Genome Editing Goes Hi-Fi

A minor change in the genome of a human being can separate the healthy to the diseased. Scientists have studied mutations for a long time, but now, scientists at Gladstone Institutes led by Bruce Conklin, MD, have found a way to capture and edit the human genome one letter at a time—a way that can cure genetic diseases by fixing genetic code. In the past, studying human genetics and genetic changes had been inefficient, but now they have tools and methods that are more efficient and accurate.

First of all, what is genome editing? Genome editing, or genome editing with engineered nucleases (GEEN) is a way of manipulating the DNA using biotechnology in which DNA is put into, replaced, or removed from a genome using created nucleases. Nucleases are enzymes capable of cutting the bonds of nucleic acids. Currently, there are four groups of engineered nucleases in use: Zinc finger nucleases (ZFNs), Transcription Activator-Like Effector Nucleases (TALENs), the CRISPR/CAS system, and engineered meganucleases. The nucleases make double-stranded breaks (DSBs) at specific locations in the genome, and repair the breaks using natural processes. However, because genome editing is still relatively new in modern biology, the engineered nucleases have difficulty in finding the part of the genome to modify. Sometimes, the DNA is unable to repair correctly after the process, and the nucleases themselves also cause problems. Lastly, only less than half of the patients that have gone through genome editing have received the needed results.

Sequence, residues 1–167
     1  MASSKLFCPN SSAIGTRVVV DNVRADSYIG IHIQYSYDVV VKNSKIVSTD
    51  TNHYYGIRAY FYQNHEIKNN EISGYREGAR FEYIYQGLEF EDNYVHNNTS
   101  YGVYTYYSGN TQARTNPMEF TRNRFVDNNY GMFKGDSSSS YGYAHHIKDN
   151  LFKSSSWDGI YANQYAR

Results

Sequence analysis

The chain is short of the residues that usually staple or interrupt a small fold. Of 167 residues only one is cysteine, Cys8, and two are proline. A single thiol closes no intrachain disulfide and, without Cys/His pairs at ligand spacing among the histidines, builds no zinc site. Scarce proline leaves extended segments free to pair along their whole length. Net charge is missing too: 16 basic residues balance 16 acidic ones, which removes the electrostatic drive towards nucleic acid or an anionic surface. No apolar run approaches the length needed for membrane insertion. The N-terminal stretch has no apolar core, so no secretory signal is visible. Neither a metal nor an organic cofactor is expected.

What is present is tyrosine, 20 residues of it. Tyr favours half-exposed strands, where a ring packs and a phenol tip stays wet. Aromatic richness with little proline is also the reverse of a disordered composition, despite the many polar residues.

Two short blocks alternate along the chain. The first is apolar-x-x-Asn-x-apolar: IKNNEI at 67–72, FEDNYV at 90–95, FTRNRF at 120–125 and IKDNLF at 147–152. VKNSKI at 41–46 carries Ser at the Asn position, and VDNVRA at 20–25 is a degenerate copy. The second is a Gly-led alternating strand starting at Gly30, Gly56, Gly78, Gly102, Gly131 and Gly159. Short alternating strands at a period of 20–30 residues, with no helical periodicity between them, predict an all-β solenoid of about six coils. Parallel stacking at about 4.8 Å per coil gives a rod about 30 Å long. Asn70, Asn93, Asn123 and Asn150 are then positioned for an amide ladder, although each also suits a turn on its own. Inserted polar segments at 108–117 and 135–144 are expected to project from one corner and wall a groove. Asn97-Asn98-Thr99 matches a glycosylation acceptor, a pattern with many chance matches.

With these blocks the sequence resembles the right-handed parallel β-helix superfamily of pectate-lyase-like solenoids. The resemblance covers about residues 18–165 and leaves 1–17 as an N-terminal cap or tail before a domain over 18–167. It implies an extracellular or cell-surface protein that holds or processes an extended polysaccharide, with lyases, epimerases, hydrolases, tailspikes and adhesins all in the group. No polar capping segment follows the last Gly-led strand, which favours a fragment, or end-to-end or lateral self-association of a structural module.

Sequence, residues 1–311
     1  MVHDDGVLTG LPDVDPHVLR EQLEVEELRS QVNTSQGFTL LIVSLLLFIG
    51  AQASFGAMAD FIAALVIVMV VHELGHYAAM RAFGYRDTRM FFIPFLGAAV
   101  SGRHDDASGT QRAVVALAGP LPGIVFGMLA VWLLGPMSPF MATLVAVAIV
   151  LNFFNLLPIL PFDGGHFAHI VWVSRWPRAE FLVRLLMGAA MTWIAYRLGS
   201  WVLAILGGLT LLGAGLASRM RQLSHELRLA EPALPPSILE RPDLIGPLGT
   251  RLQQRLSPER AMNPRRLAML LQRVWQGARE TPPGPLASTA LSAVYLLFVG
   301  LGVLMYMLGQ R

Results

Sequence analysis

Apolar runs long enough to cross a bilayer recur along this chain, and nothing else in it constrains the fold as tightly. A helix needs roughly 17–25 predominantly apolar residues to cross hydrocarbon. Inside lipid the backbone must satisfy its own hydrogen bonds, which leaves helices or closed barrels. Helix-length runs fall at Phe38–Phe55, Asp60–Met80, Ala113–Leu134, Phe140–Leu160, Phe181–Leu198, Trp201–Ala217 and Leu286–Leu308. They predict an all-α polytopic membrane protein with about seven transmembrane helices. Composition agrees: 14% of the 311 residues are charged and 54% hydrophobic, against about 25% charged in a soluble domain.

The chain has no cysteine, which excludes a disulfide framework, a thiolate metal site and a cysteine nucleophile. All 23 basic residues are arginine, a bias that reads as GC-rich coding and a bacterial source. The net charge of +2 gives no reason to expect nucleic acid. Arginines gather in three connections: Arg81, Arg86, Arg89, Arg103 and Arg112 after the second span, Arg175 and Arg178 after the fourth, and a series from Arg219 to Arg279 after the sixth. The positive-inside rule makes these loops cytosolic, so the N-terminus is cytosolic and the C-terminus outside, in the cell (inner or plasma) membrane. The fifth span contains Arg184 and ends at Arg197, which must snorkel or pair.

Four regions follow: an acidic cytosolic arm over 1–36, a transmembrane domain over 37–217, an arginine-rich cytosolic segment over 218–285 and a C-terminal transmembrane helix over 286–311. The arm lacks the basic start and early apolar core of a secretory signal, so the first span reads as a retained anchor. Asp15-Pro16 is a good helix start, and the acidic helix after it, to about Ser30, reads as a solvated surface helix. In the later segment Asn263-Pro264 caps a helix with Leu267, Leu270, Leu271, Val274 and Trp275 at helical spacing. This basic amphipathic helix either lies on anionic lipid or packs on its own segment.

In the case of the researchers at Gladstone, they needed a way to identify a single mutated cell within hundreds of normal and healthy cells quickly. They designed a special fluorescent probe to differentiate the mutated sequence from normal sequences. From this, the scientists were able to sort through the sets of sequences and find mutant cells. The ability to detect is more than one hundred times greater through this method than through traditional methods. This method is then applied to induced pluripotent stem cells (iPS) cells, cells generated from skin cells of human patients with the same genetic makeup as the patient. The team used TALENs to edit the genetic code in the cells. One day, the researchers hope to repair and get rid of mutations in the human genome through their method.

Because this topic is related to technology, which I enjoy learning about, and it contains the material currently being covered in class about DNA and mutations, I was very excited to have come across this article. It was very interesting to learn about the editing of the human genetic code. I did not know the human genome could be edited; I thought it would be at least five to ten years before this was possible, so I also had fun endeavoring in learning about genome editing. I realize that the current methods can be dangerous, unsuccessful, and probably very expensive, but I also hope that the use of genome editing may become more widespread in the future once the techniques are improved so more people can be cured of genetic diseases.

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